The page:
By Natalya Jones
By County Grind
By Liz Tracy
By Chris Joseph
By Liz Tracy
By Matt Preira
By Jesse Scheckner
By Michael E. Miller
Writing books on music these days is a lot riskier than it used to be. With fanzines, magazines, and the internet exposing us to everything we could ever ask for about musicians, it´s becoming increasingly harder to tell fans something new in book format. Hip-hop writer Brian Coleman understands this, but as a lifelong music nerd, Coleman realized he had a premise that couldn´t fail. The majority of hip-hop records of the ´80s and ´90s were created without liner notes, and the stories behind those albums were never presented to the listener. New Times recently spoke with Coleman to get the inside scoop on his experiences writing Check the Technique.
Outtakes:How did you get interested in writing this book?
Coleman: I just always wanted to know more. The more work I did as a journalist, it started to piss me off that nobody put liner notes in the records. I knew all these records by heart, but didn´t know a goddamn thing about them. So it was basically feeding my own selfish interest in learning more.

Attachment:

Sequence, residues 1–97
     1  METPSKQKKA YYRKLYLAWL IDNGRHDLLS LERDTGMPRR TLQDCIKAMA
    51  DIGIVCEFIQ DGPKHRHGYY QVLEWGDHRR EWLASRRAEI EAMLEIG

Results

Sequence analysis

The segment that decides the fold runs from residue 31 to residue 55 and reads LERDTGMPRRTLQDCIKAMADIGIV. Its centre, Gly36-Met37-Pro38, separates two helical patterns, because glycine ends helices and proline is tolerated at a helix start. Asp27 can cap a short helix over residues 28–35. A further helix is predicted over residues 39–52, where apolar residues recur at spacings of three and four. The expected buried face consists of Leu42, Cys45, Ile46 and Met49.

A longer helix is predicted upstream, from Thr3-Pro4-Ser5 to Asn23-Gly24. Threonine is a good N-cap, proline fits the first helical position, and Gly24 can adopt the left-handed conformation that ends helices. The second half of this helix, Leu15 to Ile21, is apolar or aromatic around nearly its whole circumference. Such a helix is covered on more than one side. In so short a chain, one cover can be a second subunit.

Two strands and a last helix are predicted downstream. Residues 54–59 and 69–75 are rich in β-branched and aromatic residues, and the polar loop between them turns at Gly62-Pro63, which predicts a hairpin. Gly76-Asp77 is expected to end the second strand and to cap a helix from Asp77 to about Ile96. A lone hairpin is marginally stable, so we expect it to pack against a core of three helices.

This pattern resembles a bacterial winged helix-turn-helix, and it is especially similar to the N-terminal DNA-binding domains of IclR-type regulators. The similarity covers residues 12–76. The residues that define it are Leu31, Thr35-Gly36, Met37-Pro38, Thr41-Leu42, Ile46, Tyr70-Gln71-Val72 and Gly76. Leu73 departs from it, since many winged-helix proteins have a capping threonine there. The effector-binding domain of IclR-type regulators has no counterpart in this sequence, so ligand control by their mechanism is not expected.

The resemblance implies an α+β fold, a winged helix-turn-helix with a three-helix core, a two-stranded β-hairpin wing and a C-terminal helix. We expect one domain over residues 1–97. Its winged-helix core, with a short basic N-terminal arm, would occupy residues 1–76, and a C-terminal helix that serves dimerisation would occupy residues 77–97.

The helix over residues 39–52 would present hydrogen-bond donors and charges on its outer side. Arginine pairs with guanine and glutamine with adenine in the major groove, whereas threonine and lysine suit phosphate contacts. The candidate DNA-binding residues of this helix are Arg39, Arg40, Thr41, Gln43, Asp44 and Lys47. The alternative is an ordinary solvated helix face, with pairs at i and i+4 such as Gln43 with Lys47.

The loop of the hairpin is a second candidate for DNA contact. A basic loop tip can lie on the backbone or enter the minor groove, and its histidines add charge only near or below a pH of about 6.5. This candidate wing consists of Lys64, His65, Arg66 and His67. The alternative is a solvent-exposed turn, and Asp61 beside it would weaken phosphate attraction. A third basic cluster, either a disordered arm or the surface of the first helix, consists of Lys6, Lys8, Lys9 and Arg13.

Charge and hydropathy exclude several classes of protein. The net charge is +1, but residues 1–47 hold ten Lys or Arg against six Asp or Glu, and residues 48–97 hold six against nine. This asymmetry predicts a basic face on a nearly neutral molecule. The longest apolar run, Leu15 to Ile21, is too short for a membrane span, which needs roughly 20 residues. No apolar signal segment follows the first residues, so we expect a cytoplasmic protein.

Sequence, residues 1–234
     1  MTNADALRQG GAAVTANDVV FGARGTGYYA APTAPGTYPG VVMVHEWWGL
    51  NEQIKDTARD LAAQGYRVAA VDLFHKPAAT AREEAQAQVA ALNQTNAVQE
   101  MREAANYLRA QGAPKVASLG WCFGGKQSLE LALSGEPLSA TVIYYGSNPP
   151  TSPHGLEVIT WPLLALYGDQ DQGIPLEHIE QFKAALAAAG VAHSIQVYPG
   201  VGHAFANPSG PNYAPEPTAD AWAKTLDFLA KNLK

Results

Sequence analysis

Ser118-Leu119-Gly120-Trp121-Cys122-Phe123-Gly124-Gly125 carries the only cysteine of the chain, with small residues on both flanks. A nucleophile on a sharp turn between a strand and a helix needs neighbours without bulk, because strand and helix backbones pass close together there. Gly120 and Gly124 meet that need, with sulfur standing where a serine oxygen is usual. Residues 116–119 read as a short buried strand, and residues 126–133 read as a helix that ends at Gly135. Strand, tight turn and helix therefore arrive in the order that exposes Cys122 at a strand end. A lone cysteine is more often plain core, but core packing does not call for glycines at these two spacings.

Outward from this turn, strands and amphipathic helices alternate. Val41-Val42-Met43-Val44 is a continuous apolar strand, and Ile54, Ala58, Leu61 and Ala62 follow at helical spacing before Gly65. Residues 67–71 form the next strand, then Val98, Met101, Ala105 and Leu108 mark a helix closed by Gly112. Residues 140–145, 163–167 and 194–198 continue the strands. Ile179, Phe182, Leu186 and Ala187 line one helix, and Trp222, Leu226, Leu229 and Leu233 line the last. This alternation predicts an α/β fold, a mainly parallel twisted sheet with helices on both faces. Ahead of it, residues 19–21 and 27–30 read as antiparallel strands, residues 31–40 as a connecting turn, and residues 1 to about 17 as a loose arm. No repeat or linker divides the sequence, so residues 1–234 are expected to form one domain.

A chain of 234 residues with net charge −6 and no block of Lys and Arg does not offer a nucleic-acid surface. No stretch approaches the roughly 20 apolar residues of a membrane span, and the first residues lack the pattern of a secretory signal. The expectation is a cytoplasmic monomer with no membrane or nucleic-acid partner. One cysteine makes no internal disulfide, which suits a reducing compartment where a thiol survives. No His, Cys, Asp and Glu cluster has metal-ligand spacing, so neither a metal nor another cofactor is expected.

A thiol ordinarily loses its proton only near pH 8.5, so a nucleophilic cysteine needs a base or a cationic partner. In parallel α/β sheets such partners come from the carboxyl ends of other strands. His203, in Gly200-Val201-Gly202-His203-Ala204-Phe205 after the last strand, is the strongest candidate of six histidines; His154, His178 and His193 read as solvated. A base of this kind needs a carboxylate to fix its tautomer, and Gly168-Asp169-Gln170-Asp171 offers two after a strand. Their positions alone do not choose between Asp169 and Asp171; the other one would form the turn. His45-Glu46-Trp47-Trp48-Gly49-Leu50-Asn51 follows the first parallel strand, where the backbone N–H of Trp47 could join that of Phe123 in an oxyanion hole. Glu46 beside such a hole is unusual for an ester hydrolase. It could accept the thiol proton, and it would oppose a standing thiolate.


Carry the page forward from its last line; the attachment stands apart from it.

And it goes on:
The first chapter of the book is on 2 Live Crew.
I´ve always loved Miami stuff. What stood out to me, among many things, was Luke... not as a producer or MC but as a DJ, an A&R man, and as a musical visionary. As it relates to the South, he was Master P long before Master P, that´s for sure. I think Ghetto Style DJs has never gotten their due. So to me, it was great to learn more about that. People treat 2 Live Crew like they were a joke. They were funny, but there´s a difference between being funny and being a joke.
After gathering all of these stories, how do you approach putting it all on the page?
I´ve always come at it as a fan. I´m a fan first and a writer second. I didn´t want to present it in too academic a way, because academic approaches lack energy and love, they are often detached.
Some people have argued that this book is heavy on East Coast hip-hop?
I grew up in the Northeast, and I´m very self-conscious of my East Coast bias. But it´s important to have Common and the Geto Boys in there. And Cypress Hill and Ice-T, so, yeah, geography is important. There is a lot of back and forth... Beastie Boys recorded in Los Angeles. DJ Muggs was from Queens, Ice T was born in New Jersey, so there´s lots of cross-country pollination. I wanted to present it all on even ground. "Check the Technique" is available from Villard Books. For more information, go to www.checkthetech.com.